So Sir Mike Tomlinson, architect of the 14-19 diplomas, is back. He will have a central role as the new qualifications are extended to cover more subjects, bringing forward the day when diplomas could be the norm.
It would have been easy to lose faith in the qualification reforms proposed after the Tomlinson review in 2004. His proposal to scrap A- levels - always likely to be unpopular in parts of the home counties - was strangled at birth. Tomlinson, a thoughtful figure, appeared to be left standing in the stampede to the safe ground of politics.
But what we have now is the prospect of a more gradual emergence of the status of diplomas and that oft-mentioned "parity of esteem" which is needed for courses of study that depart from the traditional route.
Not only will diplomas be extended to new vocational areas but academic subjects will be included too. This will more sharply focus the need for a smooth transition from school to post-compulsory education, as well as moving academic and vocational education closer to equal footing. It will mean more teenagers have an alternative to old-style qualifications.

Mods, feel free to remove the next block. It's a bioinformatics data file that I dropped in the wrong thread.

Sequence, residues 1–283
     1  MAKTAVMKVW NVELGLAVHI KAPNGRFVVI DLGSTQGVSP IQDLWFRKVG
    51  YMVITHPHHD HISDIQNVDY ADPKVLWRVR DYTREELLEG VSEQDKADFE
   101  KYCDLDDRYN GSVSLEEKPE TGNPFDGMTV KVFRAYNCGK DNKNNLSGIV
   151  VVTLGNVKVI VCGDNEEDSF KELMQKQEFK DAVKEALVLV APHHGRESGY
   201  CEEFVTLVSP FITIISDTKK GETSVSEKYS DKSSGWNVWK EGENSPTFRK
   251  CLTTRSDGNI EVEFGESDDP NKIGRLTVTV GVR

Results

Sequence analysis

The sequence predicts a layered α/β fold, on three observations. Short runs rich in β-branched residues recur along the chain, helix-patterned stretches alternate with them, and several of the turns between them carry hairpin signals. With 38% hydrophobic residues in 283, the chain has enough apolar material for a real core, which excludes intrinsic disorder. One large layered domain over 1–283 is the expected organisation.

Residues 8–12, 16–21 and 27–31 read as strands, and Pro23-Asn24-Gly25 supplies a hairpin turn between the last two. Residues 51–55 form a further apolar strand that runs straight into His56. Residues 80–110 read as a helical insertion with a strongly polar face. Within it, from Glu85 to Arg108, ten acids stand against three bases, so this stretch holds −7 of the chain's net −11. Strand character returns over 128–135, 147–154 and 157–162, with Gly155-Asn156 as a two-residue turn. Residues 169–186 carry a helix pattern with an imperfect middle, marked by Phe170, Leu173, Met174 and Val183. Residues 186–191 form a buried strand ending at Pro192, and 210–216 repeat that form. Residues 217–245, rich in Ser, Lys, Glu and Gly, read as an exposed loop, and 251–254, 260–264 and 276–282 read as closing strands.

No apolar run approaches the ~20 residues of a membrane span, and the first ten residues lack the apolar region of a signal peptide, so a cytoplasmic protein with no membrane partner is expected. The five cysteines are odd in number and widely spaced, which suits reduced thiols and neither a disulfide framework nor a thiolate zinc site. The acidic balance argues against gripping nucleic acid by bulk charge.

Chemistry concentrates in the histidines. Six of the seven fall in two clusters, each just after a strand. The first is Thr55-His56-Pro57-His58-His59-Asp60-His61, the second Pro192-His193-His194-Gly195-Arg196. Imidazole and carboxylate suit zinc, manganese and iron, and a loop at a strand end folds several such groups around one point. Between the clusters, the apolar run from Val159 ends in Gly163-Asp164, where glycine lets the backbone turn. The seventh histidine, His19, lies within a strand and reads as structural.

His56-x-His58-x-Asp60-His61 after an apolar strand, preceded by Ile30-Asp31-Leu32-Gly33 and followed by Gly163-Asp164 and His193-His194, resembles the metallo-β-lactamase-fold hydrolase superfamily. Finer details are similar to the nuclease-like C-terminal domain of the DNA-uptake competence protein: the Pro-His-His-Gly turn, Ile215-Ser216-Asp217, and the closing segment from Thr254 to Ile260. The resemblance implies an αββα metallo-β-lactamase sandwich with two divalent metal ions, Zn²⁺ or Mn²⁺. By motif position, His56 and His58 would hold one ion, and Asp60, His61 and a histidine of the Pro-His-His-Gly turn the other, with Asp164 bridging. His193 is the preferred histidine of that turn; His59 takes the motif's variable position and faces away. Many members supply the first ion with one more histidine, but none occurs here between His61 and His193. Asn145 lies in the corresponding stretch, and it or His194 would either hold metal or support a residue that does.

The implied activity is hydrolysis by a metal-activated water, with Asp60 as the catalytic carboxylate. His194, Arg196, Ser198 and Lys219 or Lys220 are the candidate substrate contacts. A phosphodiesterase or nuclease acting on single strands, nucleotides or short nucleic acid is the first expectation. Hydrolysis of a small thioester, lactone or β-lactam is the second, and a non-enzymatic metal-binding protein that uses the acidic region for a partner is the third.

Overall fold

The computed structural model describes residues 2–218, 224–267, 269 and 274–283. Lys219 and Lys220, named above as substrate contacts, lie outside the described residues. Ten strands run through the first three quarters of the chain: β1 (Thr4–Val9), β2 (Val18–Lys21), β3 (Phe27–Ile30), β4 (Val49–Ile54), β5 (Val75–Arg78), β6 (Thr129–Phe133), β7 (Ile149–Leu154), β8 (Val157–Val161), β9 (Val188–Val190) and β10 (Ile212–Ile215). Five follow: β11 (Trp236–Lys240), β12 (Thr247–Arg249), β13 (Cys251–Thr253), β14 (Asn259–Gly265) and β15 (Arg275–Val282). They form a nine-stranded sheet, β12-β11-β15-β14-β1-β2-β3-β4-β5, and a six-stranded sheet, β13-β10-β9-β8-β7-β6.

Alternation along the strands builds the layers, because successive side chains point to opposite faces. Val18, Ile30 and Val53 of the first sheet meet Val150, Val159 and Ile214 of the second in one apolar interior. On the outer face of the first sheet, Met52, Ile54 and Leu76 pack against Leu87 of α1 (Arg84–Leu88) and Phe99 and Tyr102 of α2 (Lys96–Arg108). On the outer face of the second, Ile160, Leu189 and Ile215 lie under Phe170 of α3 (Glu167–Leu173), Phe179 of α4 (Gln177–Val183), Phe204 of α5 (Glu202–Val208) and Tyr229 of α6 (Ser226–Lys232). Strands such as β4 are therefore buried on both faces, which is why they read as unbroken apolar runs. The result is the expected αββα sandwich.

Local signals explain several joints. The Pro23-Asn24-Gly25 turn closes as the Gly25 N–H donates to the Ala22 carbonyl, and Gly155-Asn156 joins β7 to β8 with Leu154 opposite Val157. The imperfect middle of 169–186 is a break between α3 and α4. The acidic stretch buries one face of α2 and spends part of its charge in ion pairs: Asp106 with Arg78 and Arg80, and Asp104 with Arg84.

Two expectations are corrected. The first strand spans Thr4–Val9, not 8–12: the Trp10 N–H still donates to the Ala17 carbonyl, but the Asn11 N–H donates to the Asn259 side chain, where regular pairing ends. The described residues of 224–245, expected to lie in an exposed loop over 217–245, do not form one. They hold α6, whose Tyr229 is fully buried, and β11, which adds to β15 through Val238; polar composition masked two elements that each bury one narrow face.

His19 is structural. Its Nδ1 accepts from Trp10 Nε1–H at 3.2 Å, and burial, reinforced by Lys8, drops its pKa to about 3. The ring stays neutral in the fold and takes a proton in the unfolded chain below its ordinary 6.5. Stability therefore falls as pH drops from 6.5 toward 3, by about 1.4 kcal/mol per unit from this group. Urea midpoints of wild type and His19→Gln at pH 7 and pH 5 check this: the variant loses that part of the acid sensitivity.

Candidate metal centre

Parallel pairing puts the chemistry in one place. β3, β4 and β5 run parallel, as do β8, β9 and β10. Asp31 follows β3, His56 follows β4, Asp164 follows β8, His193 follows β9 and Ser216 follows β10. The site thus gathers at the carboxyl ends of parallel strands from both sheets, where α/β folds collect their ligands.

FE colleges have been forced for too long to offer a second chance to pupils who have had to get through a GCSE curriculum before they could get the kind of education which works for them - the kind diplomas promise to deliver for increasing numbers.
The emergence of reforms which at least resemble the Tomlinson recommendations comes as the Government reconsiders another issue: its approach to adult education. Ministers have been lobbied hard on both issues and it seems they have been listening. Next year will be interesting for colleges.